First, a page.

West Valley Pioneer: Myron Miles Nicholson

by Jeanine Buettner
nammy@montanasky.com

Myron Nicholson was born in Port Byron, Illinois on July 29, 1873. Mr. Nicholson spent his early years farming in Illinois. On November 25, 1900 he married Miss Emma Osborn. That same year he moved to Chicago and engaged in the manufacture of brooms.  He then entered the Moody Bible Institute and became a Baptist minister. He served the church at Hubbard, Minnesota in 1903 and at Sherburn, Minnesota from 1904 until 1909 when he moved to Belt, Montana. A year later he moved to the Flathead and bought a farm five miles northwest of Kalispell. He retired from farming in 1937 and moved to Kalispell. He was a deacon of the local Baptist church and substituted as minister on many occasions.  

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Hydrology Snapshot, September 2023

by Skip Via
skip@westvalleynaturalists.org

Here is a quick end-of-summer hydrology snapshot as of 9/18/23. (Compare to July 2023.)

Rainfall YTD-3.4” from average
Flathead Lake Level-36” (3’) from full pool
Hungry Horse Reservoir-168” (14’) from full pool
Streamflow, Flathead River-80 cfps from normal
Snowpackn/a
Snowmeltn/a

Despite a welcome August rain (21st wettest August on record) from the remnants of Cyclone Hilary, most of the Flathead Valley is still experiencing “moderate drought.” As of this writing, we’re experiencing the 6th driest year in 129 years of record keeping. Lake levels remain at historic lows. Streamflow in the North and Middle forks of the Flathead River are at “historic lows.” Streamflow in the Flathead River is somewhat mitigated by release from the Hungry Horse dam, which by regulation must maintain a minimum streamflow level for water leaving the dam. That release is causing the water level at the dam to drop.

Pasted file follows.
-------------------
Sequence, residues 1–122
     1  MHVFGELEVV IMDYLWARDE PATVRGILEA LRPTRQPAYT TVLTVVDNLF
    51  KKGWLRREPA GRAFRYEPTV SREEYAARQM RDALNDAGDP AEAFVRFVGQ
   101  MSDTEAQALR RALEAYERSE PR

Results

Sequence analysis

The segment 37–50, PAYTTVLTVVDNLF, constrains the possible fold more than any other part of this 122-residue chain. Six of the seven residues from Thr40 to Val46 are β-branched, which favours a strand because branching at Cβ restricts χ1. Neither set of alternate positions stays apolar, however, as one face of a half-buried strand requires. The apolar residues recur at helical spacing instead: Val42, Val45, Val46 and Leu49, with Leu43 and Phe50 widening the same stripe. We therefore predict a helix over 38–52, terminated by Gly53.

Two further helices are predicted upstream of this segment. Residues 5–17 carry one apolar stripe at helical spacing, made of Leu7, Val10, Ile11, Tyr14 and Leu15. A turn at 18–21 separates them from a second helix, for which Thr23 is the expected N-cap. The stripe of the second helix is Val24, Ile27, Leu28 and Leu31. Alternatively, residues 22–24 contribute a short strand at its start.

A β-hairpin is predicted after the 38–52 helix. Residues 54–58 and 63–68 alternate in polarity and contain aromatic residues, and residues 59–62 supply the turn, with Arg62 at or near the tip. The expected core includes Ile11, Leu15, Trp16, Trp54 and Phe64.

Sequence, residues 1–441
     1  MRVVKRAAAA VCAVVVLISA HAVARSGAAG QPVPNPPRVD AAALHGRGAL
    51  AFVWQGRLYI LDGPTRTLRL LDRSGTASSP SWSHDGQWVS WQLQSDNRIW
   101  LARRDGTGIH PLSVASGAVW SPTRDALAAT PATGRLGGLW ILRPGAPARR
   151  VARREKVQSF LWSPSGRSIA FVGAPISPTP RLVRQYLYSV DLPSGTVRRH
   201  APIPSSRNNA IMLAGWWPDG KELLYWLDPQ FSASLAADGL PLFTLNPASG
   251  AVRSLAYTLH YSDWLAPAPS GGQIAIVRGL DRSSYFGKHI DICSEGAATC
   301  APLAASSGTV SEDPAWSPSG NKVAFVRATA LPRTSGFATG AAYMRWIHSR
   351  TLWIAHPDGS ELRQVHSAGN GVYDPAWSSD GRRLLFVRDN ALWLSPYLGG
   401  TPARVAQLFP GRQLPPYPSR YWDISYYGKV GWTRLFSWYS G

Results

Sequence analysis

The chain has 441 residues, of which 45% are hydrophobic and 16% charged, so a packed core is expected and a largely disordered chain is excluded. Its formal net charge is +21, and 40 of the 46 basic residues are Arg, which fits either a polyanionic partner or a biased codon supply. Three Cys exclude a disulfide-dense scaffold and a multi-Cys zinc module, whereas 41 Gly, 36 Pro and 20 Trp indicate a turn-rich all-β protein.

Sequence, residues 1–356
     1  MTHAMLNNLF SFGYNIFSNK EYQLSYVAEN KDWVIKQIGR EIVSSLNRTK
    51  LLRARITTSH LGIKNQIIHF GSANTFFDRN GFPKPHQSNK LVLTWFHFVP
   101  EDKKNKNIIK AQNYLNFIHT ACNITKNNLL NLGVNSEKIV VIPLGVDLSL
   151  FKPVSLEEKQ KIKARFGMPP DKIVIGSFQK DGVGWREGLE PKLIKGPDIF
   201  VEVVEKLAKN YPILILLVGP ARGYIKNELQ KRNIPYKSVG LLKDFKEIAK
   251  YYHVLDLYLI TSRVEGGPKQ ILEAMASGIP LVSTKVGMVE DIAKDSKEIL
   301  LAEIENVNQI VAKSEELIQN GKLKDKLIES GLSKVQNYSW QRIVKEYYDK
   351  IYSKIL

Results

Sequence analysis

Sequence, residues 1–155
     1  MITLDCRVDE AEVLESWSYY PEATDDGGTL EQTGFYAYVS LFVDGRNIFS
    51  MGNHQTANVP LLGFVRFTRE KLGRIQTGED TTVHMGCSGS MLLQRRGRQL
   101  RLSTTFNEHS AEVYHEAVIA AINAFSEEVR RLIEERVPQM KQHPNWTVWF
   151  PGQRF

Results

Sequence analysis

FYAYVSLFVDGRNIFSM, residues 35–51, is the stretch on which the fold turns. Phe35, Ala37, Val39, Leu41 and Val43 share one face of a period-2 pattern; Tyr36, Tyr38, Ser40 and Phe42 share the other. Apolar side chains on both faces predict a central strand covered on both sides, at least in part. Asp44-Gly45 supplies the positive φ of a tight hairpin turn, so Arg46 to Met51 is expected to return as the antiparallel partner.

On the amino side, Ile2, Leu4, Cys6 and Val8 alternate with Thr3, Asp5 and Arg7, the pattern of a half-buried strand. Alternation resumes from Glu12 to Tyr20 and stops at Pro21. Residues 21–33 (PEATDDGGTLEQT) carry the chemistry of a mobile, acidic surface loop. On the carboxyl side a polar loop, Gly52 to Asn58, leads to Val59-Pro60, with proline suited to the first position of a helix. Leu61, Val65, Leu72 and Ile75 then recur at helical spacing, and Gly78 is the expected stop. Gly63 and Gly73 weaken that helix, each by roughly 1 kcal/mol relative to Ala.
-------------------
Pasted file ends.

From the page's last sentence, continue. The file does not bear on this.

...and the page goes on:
Local lakes and ponds have benefitted from the August rain. Water levels are noticeably higher than they were in July, but are still far below average levels. Some of this increase is due to runoff, and some is due to the raising of the water table through replenishment of the shallow aquifers that underlie most of the West Valley area.

Compare this image to the image at the top of this page and to the image from the Hydrology Snapshot, July 2023.

The other noticeable effect of the August rain event was the immediate and dramatic greening up of local flora. And lawns.

Are We Drying Up?

by Skip Via
skip@westvalleynaturalists.org

Editor’s note: In an earlier post on our website (Water Water Everywhere?) I discussed the nature of our valley water resources. Our groundwater comes from two sources–the shallow, unconfined aquifers that are replenished by precipitation, and the deeper confined aquifer from which Kalispell’s municipal water and most of the water used for irrigation in the valley is drawn. None of our water comes from reservoirs. (Whitefish gets its municipal water from Whitefish Lake.) A review of that article might provide good context for this article.

The intent of this article is intended to stimulate thought, not to advocate for a specific viewpoint. To that end, some assumptions, disclaimers and caveats:

  • I’m not a hydrologist, climatologist, or a geologist–just an interested observer;
  • Weather can change quickly in these parts;
  • Weather and climate are not the same thing;
  • I don’t know the answers to the questions I am posing.